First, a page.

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Introduction: A cytokine storm is an overreaction of the body's immune system leading to overproduction of inflammatory mediators. Cytokine storm appears to be a common condition induced by a variety of diseases including several strains of influenza.
What are cytokines? : Cytokines are the chemical mediators that result in inflammation. Their release is a triggered by a variety of molecular events that result from response to invasion by a pathogen. Cytokines have diverse roles in modulating immune and inflammatory responses and as such have a complicated classification system.
Molecular Basis of Hypercytokinaemia: The molecular events in immune response are described. Hypercytokinaemia is an overreaction of the normal immune response. A cytokine storm results from the over expression of cytokine molecules which trigger expression of other inflammatory molecules and increased cytokine released. A cytokine storm is therefore a positive feedback molecular mechanism. It results in the over-production of cytotoxic T-cells which attack the body's own tissues.
Pharmacological Intervention: An introduction to the groups of drugs used in the treatment of a cytokine storm: NSAIDS, glucocorticoids, Anti-TNF-alpha drugs and the new compound Ox40IG.
Glucocorticoids: Glucocorticoids are powerful anti-inflammatory compounds. As a result of corticosteroid action, inflammation is decreased due to decreased numbers of TH cells and cytokines.
Ox40IG: Ox40IG is a new compound that has emerged as a pioneering treatment for cytokine storm in influenza victims. Ox40IG binds to the receptors of T cell and blocks Ox40 binding, thus reducing the T-cell immune response and cytokine production.
TNF-ALPHA Inhibitors: The Anti-TNF-alpha drugs are recombinant engineered antibodies. These pharmaceuticals bind to TNF and inhibit its effects.
Infection of the body by a range of pathogens is dealt with by the immune system which provides the body with mechanisms for combating this infection. The immune system can be divided into two responses: innate and adaptive which work together with a variety of mediators to give rise to inflammation (Campell and Farrell 2007). This well-evolved system is present for our protection, but occasionally goes awry. In certain cases, invasion of a pathogen or even taking a pharmaceutical can induce an overproduction of the chemical mediators (cytokines) produced by the system leading to numerous health complications. This is termed hypercytokinaemia or a cytokine storm (Matsuda and Hattori 2006). The term is believed to be first recorded in medical literature by Ferrara in 1993 to describe the mechanism of Graft Versus Host disease (Ferrara 1993). It is believed that cytokine storms were responsible for the many deaths that occurred during the 1918 influenza pandemic (de Jong et al. 2006). The condition appears to be particularly relevant at the moment with the reports of high mortality among healthy young adults in recent the swine flu outbreak. Some reports have suggested that in these disease cases, an active immune system may be a liability, rather than an advantage (de Jong et al. 2006). The condition is still poorly understood as immunology and inflammation is a particularly complex area of study in biology. Nonetheless, pharmacological treatment for a cytokine storm does exist. These drugs intervene in the molecular mechanism that results in hypercytokinamia. This essay will discuss the molecular basis of the immune response and why a cytokine storm might occur. It will also look in detail at the potentially life-saving compounds that have been developed to deal with a cytokine storm episode.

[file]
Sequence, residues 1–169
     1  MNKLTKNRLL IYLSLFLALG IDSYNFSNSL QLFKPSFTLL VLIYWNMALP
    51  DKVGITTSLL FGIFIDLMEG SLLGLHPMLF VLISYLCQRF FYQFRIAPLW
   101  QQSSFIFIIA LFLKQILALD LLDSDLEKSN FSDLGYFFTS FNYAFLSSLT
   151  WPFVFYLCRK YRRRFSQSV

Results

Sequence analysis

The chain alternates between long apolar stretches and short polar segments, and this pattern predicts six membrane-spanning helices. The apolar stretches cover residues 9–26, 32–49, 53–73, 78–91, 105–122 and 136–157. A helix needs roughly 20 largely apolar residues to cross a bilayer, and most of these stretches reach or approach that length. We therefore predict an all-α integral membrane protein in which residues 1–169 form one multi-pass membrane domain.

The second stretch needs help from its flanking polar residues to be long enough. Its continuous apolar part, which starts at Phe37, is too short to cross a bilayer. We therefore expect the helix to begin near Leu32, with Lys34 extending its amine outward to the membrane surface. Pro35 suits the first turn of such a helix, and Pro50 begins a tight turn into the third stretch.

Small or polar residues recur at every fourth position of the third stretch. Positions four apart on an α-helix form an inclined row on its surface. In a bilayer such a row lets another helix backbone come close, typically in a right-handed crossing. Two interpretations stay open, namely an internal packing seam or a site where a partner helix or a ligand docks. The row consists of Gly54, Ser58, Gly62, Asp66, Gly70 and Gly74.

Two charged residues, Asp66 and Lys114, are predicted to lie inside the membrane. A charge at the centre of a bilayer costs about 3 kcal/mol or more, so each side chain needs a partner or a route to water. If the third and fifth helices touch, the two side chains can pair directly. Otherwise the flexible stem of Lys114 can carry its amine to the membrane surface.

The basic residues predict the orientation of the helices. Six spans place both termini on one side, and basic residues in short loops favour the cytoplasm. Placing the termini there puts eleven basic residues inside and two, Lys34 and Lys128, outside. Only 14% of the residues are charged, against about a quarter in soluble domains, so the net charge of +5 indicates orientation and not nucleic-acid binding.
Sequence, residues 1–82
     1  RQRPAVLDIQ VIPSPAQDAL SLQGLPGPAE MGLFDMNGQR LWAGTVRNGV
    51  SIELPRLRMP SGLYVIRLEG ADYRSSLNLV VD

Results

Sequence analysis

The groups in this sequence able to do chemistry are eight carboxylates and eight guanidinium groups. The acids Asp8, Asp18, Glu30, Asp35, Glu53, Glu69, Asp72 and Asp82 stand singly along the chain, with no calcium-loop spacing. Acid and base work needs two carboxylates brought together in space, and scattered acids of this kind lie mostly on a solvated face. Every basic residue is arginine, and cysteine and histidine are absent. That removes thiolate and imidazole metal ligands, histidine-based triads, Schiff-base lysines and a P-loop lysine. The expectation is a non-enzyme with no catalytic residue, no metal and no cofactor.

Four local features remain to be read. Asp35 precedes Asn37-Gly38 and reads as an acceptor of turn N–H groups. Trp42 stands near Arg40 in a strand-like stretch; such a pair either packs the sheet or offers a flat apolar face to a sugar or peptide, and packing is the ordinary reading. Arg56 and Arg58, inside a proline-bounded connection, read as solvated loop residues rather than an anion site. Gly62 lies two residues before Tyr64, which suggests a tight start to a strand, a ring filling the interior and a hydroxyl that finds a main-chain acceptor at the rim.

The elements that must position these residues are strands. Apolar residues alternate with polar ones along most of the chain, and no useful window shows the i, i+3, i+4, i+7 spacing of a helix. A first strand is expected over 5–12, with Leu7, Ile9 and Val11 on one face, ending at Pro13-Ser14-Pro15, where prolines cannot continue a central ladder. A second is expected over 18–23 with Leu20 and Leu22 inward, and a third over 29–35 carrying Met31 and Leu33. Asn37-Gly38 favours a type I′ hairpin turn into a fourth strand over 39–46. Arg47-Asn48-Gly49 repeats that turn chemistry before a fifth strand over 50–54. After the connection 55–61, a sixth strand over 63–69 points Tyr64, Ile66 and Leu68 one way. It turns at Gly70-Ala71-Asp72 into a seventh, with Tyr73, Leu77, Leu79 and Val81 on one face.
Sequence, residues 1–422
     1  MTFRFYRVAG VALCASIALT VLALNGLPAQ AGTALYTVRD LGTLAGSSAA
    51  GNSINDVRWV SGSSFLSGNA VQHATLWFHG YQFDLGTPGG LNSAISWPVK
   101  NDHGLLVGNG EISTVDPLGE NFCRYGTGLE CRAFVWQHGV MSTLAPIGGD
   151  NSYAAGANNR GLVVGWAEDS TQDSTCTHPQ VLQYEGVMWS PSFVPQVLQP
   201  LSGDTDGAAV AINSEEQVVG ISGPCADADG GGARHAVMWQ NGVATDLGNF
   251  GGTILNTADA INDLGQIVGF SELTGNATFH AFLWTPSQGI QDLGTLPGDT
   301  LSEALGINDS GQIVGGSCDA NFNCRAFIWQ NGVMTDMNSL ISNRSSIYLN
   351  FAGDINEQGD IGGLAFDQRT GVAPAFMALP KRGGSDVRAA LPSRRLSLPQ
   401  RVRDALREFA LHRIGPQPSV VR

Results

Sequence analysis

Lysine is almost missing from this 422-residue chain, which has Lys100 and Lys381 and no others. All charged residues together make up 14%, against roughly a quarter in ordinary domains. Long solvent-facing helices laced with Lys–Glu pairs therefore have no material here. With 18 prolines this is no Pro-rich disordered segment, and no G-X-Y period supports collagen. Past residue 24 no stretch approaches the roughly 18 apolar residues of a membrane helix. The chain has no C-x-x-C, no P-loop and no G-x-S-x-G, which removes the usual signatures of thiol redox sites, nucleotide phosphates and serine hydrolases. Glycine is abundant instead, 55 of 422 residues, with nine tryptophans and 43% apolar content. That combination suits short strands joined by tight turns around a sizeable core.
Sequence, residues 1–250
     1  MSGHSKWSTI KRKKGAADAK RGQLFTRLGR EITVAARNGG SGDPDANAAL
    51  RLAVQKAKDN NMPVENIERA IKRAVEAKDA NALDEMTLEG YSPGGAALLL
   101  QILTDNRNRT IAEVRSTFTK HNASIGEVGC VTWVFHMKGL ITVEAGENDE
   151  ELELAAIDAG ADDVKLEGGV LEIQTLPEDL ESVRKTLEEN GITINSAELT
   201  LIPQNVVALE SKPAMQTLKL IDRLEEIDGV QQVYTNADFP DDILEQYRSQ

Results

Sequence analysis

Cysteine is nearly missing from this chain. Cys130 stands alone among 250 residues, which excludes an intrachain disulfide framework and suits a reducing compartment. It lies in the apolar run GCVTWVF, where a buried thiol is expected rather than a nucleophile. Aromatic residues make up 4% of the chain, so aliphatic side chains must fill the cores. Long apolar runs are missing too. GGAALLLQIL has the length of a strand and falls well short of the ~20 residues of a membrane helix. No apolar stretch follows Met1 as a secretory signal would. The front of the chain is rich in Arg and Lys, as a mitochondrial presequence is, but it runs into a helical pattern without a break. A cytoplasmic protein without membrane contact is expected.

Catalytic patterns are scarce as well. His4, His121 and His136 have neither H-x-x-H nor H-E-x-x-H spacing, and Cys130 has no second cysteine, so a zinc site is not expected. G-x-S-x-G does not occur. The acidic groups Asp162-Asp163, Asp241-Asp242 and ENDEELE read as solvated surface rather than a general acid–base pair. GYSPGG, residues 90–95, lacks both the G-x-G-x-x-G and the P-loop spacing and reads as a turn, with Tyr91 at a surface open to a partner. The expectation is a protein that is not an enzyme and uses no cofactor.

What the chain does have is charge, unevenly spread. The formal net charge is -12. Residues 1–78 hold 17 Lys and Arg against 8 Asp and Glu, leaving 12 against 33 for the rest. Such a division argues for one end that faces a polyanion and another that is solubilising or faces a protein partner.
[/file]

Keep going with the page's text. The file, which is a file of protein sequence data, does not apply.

Fig 1: Proposed Mechanism for the potential cytokine storm now associated with different influenza viruses.
The possible molecular mechanism of the condition will be described in more detail later on. (NEJM 2005)
What are cytokines?
Before the molecular basis of the cytokine storm can be discussed, it is important to have knowledge of cytokines. A pathogen only causes disease if it has bypassed the body's front-line defense. This is referred to as innate immunity. If this occurs, the adaptive or acquired immune system is activated and cellular warrior molecules arise and carry out their functions. Dendritic cells engulf invaders by endocytosis. These cells are referred to as antigen-presenting cells (APCs) and are the starting point of many of the responses traditionally associated with immune system action. The dendritic cells present their antigens to T cells which release chemicals called cytokines (Campell and Farrell 2008). Cytokines are chemicals which stimulate and mediate other cellular members of the immune system. Cytokines are small proteins produced by a variety of the body's cells and include interferons (IFNs), interleukins (ILs) and tumour necrosis factors (TNFs). Cytokine molecules bind to specific receptors on the surface of a responsive cell and generate a signal that alters cell activity, usually by phosphorylation. The cell responds to the cytokine by preparing to divide, undergoing differentiation or secreting its own cytokines. One family of cytokines act primarily as chemoattractants that stimulate the migration of lymphocytes to inflamed tissues. These are known as chemokines. Some of the different types of cytokines are discussed in table 1 (Karp 2007).